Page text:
In its latest report the Office of Tax Simplification concludes that tax reporting might be made easier for taxpayers if third parties were required to provide information to HMRC. The Tax Faculty considers the report and what steps would be needed to make this use of third-party data a reality?
Following its earlier work on third-party reporting and its recent call for evidence, the Office of Tax Simplification (OTS) conducted a short survey of taxpayers in which 64% of respondents considered the main benefit of third-party reporting would be less administrative work for them.
Indeed, taxpayers who file a self assessment tax return will be familiar with the annual stress as they search for the paperwork to support the entries on the return, including:
- interest certificates from banks;
- dividend statements from brokers;
- rental income from letting agents;
- pension contributions paid;
- gift aid statements from charities and from online donations; and
- employer information, such as P60, P45, P11D.
In its latest report, Making better use of third party data a vision for the future, the OTS has recommended that this type of data should be reported to HMRC by third parties and used to pre-populate the taxpayer’s single tax account. Some of this is provided already, but most isn’t and what is there can be inaccurate.
For many taxpayers, this process could help to replace the self assessment personal tax return, and for employees could extend the ability to collect further tax on income through an adjusted PAYE code.
In Budget 2021, the government committed £68m to developing the single customer account (SCA) and single customer record (SCR). The SCA will replace the existing personal tax account and business tax account, so drawing all a taxpayer’s information together into one place. The SCR is at the HMRC end.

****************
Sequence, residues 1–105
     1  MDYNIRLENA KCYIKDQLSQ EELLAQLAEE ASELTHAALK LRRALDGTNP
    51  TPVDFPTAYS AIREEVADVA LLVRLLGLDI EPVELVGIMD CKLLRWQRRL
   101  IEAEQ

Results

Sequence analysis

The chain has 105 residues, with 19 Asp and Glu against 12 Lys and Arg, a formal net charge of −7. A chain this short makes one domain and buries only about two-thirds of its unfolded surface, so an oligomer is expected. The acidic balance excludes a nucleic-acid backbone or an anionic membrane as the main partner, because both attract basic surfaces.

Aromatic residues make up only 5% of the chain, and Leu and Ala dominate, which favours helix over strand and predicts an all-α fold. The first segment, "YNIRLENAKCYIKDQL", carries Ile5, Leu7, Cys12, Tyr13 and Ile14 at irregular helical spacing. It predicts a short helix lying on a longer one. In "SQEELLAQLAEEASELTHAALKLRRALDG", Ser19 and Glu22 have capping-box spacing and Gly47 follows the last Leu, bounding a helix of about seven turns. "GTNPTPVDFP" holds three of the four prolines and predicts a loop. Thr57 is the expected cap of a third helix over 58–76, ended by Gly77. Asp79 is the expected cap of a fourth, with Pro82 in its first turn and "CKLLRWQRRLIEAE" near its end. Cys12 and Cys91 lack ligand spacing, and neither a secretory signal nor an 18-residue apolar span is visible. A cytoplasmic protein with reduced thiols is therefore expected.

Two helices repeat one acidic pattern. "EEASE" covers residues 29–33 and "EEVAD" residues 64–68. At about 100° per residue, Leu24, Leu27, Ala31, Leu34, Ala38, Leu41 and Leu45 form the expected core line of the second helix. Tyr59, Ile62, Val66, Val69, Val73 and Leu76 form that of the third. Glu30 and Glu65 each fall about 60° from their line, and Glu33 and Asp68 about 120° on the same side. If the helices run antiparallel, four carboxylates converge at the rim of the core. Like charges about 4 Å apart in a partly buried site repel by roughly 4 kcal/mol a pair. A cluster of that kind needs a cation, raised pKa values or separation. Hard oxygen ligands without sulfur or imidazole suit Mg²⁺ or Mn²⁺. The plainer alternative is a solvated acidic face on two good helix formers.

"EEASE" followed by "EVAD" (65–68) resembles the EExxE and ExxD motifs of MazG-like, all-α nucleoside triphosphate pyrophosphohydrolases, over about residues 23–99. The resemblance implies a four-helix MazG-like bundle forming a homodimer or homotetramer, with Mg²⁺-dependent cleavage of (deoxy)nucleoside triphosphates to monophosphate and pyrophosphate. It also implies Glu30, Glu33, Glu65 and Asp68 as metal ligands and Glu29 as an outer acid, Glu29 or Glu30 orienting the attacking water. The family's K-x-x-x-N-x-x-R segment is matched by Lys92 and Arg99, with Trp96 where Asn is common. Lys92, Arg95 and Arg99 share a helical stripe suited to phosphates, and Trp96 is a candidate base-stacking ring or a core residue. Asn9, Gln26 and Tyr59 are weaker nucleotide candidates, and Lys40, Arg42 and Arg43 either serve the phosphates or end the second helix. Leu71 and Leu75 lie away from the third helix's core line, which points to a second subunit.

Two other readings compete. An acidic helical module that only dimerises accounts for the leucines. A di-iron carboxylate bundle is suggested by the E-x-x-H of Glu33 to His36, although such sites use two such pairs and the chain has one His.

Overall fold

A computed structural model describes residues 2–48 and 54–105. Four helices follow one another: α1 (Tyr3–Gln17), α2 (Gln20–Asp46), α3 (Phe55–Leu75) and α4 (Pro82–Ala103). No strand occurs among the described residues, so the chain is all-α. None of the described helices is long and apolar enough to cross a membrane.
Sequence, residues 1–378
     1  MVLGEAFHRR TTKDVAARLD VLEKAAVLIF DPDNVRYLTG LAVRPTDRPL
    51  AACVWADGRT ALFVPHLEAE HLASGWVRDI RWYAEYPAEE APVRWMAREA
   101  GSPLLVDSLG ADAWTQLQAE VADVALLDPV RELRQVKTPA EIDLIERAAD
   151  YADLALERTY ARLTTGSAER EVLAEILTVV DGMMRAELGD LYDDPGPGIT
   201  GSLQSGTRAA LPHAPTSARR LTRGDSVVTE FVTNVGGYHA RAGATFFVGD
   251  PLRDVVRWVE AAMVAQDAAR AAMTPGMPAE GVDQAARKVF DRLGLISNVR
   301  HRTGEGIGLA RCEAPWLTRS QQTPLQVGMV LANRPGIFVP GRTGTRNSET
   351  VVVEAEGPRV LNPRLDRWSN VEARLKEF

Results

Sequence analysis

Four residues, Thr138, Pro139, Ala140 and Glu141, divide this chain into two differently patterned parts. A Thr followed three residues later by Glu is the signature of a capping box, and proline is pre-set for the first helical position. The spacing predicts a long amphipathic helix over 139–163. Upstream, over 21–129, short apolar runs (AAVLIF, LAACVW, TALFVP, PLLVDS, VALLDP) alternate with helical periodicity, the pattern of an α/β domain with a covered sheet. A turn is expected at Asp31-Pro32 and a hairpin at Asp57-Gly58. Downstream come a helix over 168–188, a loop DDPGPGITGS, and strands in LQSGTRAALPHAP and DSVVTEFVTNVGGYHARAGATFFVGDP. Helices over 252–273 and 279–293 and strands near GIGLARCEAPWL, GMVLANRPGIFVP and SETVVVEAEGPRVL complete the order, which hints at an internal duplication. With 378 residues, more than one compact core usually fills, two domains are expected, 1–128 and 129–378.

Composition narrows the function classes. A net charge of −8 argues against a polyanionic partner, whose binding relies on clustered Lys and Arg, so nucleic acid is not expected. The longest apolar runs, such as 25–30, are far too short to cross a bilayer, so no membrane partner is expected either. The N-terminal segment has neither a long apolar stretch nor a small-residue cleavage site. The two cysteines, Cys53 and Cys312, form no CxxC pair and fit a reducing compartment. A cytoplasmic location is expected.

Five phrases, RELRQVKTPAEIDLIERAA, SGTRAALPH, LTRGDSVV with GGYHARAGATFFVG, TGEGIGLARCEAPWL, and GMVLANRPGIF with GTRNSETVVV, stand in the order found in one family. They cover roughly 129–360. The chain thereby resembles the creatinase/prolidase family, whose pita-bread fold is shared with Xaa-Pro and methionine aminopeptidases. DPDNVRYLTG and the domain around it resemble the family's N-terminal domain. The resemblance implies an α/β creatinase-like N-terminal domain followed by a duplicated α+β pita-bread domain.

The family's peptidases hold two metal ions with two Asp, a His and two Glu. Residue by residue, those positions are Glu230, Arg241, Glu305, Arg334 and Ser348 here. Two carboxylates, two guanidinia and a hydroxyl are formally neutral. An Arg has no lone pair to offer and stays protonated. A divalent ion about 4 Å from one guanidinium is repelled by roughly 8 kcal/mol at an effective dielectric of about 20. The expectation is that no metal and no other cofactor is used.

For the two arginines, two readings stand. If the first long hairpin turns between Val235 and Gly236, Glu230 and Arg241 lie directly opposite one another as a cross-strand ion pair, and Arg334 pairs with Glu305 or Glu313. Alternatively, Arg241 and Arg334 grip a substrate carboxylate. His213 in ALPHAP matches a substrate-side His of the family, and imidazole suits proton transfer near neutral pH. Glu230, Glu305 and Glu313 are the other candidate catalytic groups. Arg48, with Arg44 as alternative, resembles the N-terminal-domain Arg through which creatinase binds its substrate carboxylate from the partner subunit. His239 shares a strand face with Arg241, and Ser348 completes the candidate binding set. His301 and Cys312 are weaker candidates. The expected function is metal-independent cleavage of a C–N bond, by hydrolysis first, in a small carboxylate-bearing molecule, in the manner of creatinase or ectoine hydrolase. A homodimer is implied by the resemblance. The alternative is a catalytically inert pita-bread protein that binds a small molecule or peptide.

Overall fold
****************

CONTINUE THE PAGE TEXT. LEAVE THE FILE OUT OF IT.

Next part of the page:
The OTS recommendations suggest that third-party data reporting has the potential to remove particular taxpayer populations from the self assessment system altogether.
This has direct relevance to the Making Tax Digital for income tax self assessment (MTD ITSA) project too. As more data is pre-populated into the new SCA, it would already be in the system ready to be checked as part of the taxpayer’s end-of-year submission (also known as the crystallisation) and would inform the tax calculation.
The pre-populated information could also be used to update PAYE tax codes. ICAEW’s Tax Faculty has previously expressed concern to HMRC that PAYE codes are not well understood by taxpayers and there is danger in overloading them with too much detail.
All of this pre-supposes that the information supplied is accurate and taxpayers and their agents would still want to check this.
None of this is easy and the OTS doesn’t shy away from the difficulties of responsibility, can taxpayers rely on this data, do they have to check it, and who is responsible if the information is wrong?
Regarding the most effective choice of unique identifier so that data be readily and accurately matched with HMRC’s taxpayer records, the National Insurance number has been suggested by the OTS as the most suitable. It recognises that not all UK taxpayers currently have one and its use would need to be extended which mean involving other government departments.
Data security is vital and the report notes it is “…important for work to continue to find innovative ways to link data sources into the financial and tax system in a secure manner.”
HMRC should also explore the most effective ways to increase taxpayer trust and provide appropriate safeguards:
- ensuring the data held is presented to taxpayers and agents in a transparent and detailed way;
- allowing taxpayers to approve or validate data matched to their accounts; and
- ensuring there is an appropriate mechanism for taxpayers to query or amend data.
Finally, repeating a common refrain by those suggesting change, the report also recommends the government set out a clear roadmap for how these changes would be consulted on and then implemented with adequate resource. None of this will be possible unless HMRC has the necessary funding.
This guidance is created by the Tax Faculty, recognised internationally as a leading authority and source of expertise on taxation. The Faculty is the voice of tax for ICAEW, responsible for all submissions to the tax authorities. Join the Faculty for expert guidance and support enabling you to provide the best advice on tax to your clients or business.